Thousands of New Zealand smokers' lives could be saved by legalising domestic sales of electronic cigarettes containing nicotine, a leading vendor says.
The claim by Cosmic, which is selling the devices, comes as submissions close today on a legalisation plan and has some backing from public health experts, both here and overseas.
There could be some real potential for Maori smokers
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Public Health England, which has helped to revolutionise official views on e-cigarettes in New Zealand, has said the nicotine delivery systems can help smokers quit, and they carry only a small fraction of the risk of smoking tobacco.
Auckland University's Professor Chris Bullen, who led the world's first high-quality trial to compare the quit-smoking rates of e-cigarettes and nicotine patches, said: "I don't think they are a magic bullet. They're not the sole thing that's going to get us there [to the Smokefree 2025 goal], but I think they will help some population groups where we haven't seen a breakthrough before.
"There could be some real potential for Maori smokers."
His group's trial found in 2013 that nicotine e-cigarettes were as good as patches, but he said the e-cigarettes sold today were superior to those in the trial, which delivered less nicotine than a cigarette.
"Experienced users can [now] get nicotine equivalent to smoking a standard cigarette."
Around 546,000 Kiwis smoke daily, 15 per cent of the adult population. Every day on average, at least 13 people die from a smoking-related disease, around 5000 people a year. Half of smokers die from a smoking-related illness and on average their deaths will be 14 years earlier than if they didn't smoke.
Many smokers and e-cigarette users will be carefully watching the Health Ministry's response to submissions on its proposal to legalise and regulate nicotine-based e-cigarettes, which cannot currently be legally sold in New Zealand.
The ministry said it has received more than 100 submissions. It will advise the Government by the end of the year on proposed changes to regulations under the Smokefree Environments Act.
A group of Otago University researchers are pushing for dairies, supermarkets and petrol stations to be prevented from selling e-cigarettes and liquid nicotine, saying instead that the permitted vendors should be limited to pharmacies or licensed "vape" shops.
Users "vape" on an e-cigarette, inhaling its nicotine-containing vapour, in the way that smokers inhale the smoke of a tobacco cigarette, which contains nicotine plus many cancer-causing chemicals.
Cosmic, which sells the vaping devices legally from seven retail stores nationally and an online business, said it had gained knowledge of e-cigarettes from the tens of thousands of customers who had bought its devices.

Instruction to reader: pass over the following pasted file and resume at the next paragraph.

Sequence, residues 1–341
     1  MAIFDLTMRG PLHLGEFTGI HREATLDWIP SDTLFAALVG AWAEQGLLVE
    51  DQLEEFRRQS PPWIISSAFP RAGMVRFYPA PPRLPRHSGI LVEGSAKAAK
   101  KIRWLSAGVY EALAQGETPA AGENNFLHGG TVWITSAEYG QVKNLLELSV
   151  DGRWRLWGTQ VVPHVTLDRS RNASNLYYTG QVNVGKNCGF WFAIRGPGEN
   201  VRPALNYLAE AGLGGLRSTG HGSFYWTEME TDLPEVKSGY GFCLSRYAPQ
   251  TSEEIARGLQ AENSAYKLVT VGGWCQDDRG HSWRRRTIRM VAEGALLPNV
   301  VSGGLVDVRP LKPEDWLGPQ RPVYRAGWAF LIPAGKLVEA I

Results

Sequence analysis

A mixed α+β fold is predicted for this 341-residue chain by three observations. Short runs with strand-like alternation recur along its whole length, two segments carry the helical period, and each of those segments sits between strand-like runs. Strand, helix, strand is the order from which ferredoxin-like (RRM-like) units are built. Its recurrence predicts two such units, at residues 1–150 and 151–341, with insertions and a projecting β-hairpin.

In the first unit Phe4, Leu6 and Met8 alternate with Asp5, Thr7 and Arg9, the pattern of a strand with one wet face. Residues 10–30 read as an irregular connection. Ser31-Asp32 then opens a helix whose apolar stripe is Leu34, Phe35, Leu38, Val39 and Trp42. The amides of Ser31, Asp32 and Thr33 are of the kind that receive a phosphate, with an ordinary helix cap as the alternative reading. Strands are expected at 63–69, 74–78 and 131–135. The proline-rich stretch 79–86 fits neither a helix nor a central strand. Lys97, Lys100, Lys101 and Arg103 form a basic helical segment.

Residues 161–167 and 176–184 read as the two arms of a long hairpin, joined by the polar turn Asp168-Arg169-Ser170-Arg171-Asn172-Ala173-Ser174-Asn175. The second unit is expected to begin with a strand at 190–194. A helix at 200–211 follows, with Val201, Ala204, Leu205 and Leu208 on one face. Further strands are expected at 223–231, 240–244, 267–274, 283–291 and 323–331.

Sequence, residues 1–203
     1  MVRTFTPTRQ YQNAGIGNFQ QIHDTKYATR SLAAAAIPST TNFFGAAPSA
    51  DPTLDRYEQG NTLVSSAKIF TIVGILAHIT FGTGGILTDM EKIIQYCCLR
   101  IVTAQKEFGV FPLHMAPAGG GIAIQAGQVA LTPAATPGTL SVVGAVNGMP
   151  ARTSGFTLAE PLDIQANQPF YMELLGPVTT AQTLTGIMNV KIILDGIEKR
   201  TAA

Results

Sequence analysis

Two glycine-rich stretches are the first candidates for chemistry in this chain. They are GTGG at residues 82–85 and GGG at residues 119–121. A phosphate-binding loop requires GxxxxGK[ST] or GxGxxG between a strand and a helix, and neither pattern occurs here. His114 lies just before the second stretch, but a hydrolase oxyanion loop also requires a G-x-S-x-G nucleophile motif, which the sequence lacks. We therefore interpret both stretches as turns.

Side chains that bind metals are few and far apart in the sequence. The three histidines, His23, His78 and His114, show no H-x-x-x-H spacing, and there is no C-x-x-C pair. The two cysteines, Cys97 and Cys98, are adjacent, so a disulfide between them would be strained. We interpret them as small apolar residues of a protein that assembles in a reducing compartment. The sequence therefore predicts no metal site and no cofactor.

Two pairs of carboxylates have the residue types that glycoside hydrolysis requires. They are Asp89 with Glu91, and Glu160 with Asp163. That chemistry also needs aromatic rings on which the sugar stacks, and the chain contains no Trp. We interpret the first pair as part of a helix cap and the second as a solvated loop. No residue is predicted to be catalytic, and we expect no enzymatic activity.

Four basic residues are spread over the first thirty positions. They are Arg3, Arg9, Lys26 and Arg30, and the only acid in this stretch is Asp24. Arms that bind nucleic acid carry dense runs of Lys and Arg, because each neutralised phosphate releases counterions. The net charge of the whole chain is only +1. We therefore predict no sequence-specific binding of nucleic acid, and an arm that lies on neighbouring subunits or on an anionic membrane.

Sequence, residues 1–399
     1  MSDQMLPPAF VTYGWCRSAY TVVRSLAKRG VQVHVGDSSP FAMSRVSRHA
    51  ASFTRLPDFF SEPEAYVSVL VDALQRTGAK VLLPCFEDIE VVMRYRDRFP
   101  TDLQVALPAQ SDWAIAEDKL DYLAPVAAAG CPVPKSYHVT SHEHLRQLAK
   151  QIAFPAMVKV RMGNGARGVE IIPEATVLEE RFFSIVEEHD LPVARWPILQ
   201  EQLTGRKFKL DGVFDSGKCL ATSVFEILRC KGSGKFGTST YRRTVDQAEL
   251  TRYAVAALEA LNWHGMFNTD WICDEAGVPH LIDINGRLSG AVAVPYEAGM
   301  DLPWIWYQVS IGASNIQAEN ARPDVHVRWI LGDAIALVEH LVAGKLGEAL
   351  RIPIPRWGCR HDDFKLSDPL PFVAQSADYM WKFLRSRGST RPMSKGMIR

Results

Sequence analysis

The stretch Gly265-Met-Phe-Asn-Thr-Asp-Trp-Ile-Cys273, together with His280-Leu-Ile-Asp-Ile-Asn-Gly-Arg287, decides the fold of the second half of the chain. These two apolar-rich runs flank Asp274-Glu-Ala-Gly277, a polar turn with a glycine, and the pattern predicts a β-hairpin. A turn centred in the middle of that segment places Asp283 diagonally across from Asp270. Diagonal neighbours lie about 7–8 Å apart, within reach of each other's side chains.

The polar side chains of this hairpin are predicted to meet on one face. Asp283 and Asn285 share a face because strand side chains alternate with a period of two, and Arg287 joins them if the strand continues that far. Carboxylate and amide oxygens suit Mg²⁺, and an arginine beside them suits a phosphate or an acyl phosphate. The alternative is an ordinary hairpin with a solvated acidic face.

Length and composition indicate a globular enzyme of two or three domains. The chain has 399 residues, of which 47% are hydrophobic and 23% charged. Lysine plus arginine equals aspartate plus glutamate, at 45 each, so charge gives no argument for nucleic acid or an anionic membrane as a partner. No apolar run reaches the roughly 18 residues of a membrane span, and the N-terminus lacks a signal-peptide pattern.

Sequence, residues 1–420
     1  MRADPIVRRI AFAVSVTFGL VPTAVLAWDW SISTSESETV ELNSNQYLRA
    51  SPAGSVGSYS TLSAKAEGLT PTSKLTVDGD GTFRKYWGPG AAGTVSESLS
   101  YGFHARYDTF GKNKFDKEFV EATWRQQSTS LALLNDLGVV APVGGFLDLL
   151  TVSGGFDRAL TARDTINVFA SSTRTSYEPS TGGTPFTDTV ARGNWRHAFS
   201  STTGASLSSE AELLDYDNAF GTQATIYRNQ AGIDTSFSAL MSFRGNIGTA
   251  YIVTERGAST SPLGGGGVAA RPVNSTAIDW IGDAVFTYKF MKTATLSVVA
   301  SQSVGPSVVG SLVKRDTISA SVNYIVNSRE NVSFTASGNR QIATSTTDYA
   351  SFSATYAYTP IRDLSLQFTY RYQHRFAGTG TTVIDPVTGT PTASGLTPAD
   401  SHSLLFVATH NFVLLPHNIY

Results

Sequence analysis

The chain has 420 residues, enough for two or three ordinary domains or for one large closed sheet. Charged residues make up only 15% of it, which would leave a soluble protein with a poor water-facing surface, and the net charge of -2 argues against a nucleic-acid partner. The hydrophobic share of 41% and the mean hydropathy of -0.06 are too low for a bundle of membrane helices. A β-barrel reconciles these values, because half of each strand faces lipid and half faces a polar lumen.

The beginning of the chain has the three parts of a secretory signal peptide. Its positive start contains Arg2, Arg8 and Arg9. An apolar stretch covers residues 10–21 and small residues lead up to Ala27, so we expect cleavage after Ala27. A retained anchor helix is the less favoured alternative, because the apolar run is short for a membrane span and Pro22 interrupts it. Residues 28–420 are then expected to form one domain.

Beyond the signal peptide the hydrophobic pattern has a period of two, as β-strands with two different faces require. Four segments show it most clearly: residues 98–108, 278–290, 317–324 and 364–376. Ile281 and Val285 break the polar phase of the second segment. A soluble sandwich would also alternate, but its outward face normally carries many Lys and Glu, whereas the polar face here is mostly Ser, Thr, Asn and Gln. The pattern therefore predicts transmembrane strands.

"There is no question these new devices represent the current best option to help smokers of traditional cigarettes to cut back or even stop altogether," said the chain's owner, Mark Carswell. "This is partly because they provide an 'oral fix' that nicotine patches don't."
In England, e-cigarettes are the leading form of quit-smoking aid, used by 35 per cent of smokers trying to quit, compared with the 27 per cent who use NRT.
Some researchers argue that e-cigarettes risk providing a "gateway" into smoking for youth, but Bullen said there was no evidence of this.
He and colleagues on the National Smokefree Working Group have recommended that only vape shops with staff trained to provide quit-smoking support, pharmacies and online stores be permitted to sell e-cigarettes at first.
Bullen favours later allowing supermarkets - but not dairies or petrol stations - to join in "if there is no evidence of youth uptake or other harms".
His group is starting a new trial which will compare the quit-smoking rates of three groups of smokers: one using just a daily nicotine patch, another using that plus a nicotine e-cigarette, and the third using patches plus a nicotine-free e-cigarette. All participants will receive standard telephone-based behavioural support.
• A legal grey area
• It's unlawful to sell the nicotine or the devices containing it locally
• They can be legally imported via internet for personal use
• Health Ministry takes no enforcement action
Health Ministry proposal
• Local sales permitted
• Advertising restricted
• Vaping banned in smokefree areas, such as in bars and other workplaces.